EEOC Recovers $35,000 for Woman Denied Job at Coca Cola Warehouse to Less Qualified Men

Did a Coca Cola Bottling plant deny a woman a job in a warehouse position because of her gender?

That’s what the Equal Employment Opportunity Commission alleged happened at the company’s plant in Mobile, Alabama, which it said refused hire Martina Owes, an applicant for two vacant warehouse positions, because she is female.

While Owes had the required warehouse and forklift experience, the company chose to hire less qualified men for the available positions. EEOC also charged that, by not preserving all application materials related to those positions, the company violated federal recordkeeping laws.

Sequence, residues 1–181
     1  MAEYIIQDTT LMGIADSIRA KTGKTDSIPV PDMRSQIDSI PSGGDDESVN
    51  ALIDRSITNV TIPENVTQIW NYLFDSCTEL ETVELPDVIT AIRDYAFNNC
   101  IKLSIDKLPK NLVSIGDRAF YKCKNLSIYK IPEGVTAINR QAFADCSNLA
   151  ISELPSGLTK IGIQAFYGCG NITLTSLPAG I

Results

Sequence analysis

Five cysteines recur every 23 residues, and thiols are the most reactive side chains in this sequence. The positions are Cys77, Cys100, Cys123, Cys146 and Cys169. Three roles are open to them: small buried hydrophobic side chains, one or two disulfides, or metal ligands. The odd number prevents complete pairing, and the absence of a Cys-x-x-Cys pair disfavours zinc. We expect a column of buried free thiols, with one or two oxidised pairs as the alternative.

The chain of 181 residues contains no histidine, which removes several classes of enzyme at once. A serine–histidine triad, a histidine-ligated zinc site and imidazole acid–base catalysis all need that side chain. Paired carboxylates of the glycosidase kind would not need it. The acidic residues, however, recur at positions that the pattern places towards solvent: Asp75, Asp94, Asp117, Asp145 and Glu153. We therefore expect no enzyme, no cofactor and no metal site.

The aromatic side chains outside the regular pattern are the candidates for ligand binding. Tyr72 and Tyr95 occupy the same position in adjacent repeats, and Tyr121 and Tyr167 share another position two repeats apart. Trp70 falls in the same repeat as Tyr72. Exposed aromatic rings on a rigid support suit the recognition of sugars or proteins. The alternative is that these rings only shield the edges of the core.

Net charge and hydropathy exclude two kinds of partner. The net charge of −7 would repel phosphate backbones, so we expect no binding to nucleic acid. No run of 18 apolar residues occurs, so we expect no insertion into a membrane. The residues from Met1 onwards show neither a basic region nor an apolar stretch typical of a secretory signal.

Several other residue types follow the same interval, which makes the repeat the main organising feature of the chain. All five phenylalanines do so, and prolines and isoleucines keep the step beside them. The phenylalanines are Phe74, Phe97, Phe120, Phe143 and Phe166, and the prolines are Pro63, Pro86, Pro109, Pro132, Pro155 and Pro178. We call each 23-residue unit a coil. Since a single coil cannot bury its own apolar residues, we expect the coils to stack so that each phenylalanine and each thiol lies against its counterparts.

Coca Cola agreed to pay $35,000 to settle the lawsuit, the EEOC said.

Sure, this is just one position, and the alleged violation does not necessarily indicate systemic bias against women at the soda company.

But sometimes what happens to one member of a protected group is indicative of something larger going on that skews the playing field against all members of that group.

So every employer should take stock of its hiring practices and make sure they don’t shut women out from available opportunities.

Here’s EEOC’s April 12 announcement of the lawsuit and settlement.


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